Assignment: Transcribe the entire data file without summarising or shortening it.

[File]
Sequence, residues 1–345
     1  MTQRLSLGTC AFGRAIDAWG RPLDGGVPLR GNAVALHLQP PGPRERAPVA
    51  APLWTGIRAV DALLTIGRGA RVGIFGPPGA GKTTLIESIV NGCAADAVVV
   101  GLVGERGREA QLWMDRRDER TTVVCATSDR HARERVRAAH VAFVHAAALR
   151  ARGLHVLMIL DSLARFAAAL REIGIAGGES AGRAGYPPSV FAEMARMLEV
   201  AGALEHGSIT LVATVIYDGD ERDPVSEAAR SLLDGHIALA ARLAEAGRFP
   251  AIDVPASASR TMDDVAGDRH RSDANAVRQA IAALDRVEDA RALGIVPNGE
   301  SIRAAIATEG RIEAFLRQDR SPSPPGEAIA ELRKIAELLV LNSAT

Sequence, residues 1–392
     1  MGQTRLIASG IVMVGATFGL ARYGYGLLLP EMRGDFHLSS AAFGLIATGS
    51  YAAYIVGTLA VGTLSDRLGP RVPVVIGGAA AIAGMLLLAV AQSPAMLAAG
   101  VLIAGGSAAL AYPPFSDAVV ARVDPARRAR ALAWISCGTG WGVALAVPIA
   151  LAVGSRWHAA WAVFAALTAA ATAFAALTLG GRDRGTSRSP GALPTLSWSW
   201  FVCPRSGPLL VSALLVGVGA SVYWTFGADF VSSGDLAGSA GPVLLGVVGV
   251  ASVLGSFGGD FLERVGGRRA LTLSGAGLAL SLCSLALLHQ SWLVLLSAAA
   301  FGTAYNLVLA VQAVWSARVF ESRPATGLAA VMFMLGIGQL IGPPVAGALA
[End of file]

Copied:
Sequence, residues 1–345
     1  MTQRLSLGTC AFGRAIDAWG RPLDGGVPLR GNAVALHLQP PGPRERAPVA
    51  APLWTGIRAV DALLTIGRGA RVGIFGPPGA GKTTLIESIV NGCAADAVVV
   101  GLVGERGREA QLWMDRRDER TTVVCATSDR HARERVRAAH VAFVHAAALR
   151  ARGLHVLMIL DSLARFAAAL REIGIAGGES AGRAGYPPSV FAEMARMLEV
   201  AGALEHGSIT LVATVIYDGD ERDPVSEAAR SLLDGHIALA ARLAEAGRFP
   251  AIDVPASASR TMDDVAGDRH RSDANAVRQA IAALDRVEDA RALGIVPNGE
   301  SIRAAIATEG RIEAFLRQDR SPSPPGEAIA ELRKIAELLV LNSAT

Sequence, residues 1–392
     1  MGQTRLIASG IVMVGATFGL ARYGYGLLLP EMRGDFHLSS AAFGLIATGS
    51  YAAYIVGTLA VGTLSDRLGP RVPVVIGGAA AIAGMLLLAV AQSPAMLAAG
   101  VLIAGGSAAL AYPPFSDAVV ARVDPARRAR ALAWISCGTG WGVALAVPIA
   151  LAVGSRWHAA WAVFAALTAA ATAFAALTLG GRDRGTSRSP GALPTLSWSW
   201  FVCPRSGPLL VSALLVGVGA SVYWTFGADF VSSGDLAGSA GPVLLGVVGV
   251  ASVLGSFGGD FLERVGGRRA LTLSGAGLAL SLCSLALLHQ SWLVLLSAAA
   301  FGTAYNLVLA VQAVWSARVF ESRPATGLAA VMFMLGIGQL IGPPVAGALA